Jetlagged after flying home from receiving the prestigious Otto Warburg Medal of the German Society for Biochemistry and Molecular Biology, Randy Schekman was asleep when the telephone rang to tell him he had won the Nobel Prize as well. ‘My first reaction was: ‘Oh, my God!’’, he smiles. ‘That was my second reaction, too.’
Not that it need be a total surprise; as is often the case, Schekman had also previously received the Albert Lasker award – a reliable barometer of Nobel potential – which he shared in 2002 with James Rothman, one of his fellow Nobel laureates, for their independent work on the internal traffic system in cells. They shared the Nobel with Thomas Südhof.
Inside every microscopic cell is a hive of activity, as ribosomes constantly produce new proteins, which are then stored in a network called the endoplasmic reticulum. Vesicles (liquid-filled sacs within the cell) then carry proteins to the Golgi apparatus (another organelle within the cell), which processes the proteins and dispatches them to perform specific tasks around the body. Schekman’s interest lay in how these proteins are transported safely and accurately to their destination.
He gained an early interest in mathematics and mechanical science from his engineer father, but his sister’s early death from leukaemia switched his focus to biology. His mother also died of cancer and Schekman has vowed to use his share of the Nobel prize money to fund the Esther and Wendy Schekman Chair in Basic Cancer Biology at UC Berkeley in their memory.
Randy Wayne Schekman was born in Saint Paul, Minnesota, at the end of 1948 but grew up in California, attending Western High School in Anaheim and gaining his BA in molecular science at UCLA in 1971. Initially intending to pursue a medical career, he was instead inspired by a year working in a laboratory at the University of Edinburgh and returned to America to study biochemistry at Stanford under 1959 Nobel laureate Arthur Kornberg, gaining his PhD in 1975.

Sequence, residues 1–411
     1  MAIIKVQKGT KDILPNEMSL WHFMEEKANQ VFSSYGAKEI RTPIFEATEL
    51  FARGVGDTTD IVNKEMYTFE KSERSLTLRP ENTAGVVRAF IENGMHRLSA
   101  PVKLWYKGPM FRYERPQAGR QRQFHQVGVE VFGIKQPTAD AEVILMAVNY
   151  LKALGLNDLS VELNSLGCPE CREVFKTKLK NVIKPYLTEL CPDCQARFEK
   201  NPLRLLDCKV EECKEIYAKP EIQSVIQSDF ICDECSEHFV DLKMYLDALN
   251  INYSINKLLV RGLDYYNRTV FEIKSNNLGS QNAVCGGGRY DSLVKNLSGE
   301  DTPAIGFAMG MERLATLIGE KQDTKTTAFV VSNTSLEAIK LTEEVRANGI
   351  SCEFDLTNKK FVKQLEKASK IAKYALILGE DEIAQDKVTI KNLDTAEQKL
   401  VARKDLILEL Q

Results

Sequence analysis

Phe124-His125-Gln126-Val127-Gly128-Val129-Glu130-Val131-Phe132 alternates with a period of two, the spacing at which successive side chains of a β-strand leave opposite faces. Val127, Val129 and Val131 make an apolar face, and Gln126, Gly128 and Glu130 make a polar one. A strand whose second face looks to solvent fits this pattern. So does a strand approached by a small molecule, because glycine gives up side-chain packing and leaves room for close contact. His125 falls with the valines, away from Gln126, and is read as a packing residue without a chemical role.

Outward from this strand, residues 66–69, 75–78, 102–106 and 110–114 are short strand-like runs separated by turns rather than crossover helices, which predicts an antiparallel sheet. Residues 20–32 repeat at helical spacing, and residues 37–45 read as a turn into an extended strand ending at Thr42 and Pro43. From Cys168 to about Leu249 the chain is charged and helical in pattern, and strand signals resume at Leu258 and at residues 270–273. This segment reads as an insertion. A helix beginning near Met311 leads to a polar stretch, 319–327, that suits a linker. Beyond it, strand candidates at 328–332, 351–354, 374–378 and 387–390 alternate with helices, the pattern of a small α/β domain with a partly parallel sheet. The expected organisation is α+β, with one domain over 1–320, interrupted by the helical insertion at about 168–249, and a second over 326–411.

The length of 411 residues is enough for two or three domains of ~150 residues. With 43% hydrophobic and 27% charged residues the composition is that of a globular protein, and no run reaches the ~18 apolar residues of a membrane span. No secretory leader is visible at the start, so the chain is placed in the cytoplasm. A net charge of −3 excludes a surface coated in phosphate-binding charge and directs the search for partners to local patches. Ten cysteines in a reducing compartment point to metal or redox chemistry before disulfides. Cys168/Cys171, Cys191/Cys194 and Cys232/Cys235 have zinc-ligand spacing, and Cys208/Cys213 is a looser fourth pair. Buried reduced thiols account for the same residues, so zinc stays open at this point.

He first became interested in how proteins move within cells during a postdoctoral fellowship with John Singer but at the time it was difficult to study vesicles in mammal cells in the laboratory. So, moving to the University of California, Berkeley in 1976, Schekman decided to use yeast, a one-celled microorganism which could be easily genetically manipulated yet has a cell structure similar to those of higher organisms, including humans.
Gradually Schekman unpicked the mechanics of vesicle formation, selection of protein cargo, and movement to the correct path outside the cell, and identified 50 genes involved in the process and the order and role each played. One of the most important genes he found, Schekman says, is the SEC61 gene, which encodes a channel to allow secretory proteins to pass into the endoplasmic reticulum lumen. When this gene is mutant, proteins fail to enter the secretion assembly line, causing diseases in humans that may include Alzheimers.
He was promoted to Associate Professor in 1984 and Professor in 1994. In 1991 he was named as a Howard Hughes Medical Institute (HHMI) Investigator. He is also a member of the Royal Society and is on the selection committee for the Shaw Prize.
Schekman is also devoted to the promotion of science in as open a manner as possible. He is a former editor-in-chief of Proceedings of the National Academy of Sciences and in 2011 he was appointed as editor of eLife, an open-access journal published by the HHMI, Max Planck Society and the Wellcome Trust. He has since criticised the ‘tyranny’ of high-profile science publications such as Nature, Cell and Science which he says artificially restrict the number and nature of articles published. The prestigious nature of the titles appeals to a certain snobbery among academic institutions, who then submit work they deem most likely to attract kudos and funding. He has taken a lead by declaring his laboratory would no longer submit material to the closed-access ‘lottery’ of the triumvirate of journals.
Randy Schekman is married to Nancy Walls, with whom he has two adult children.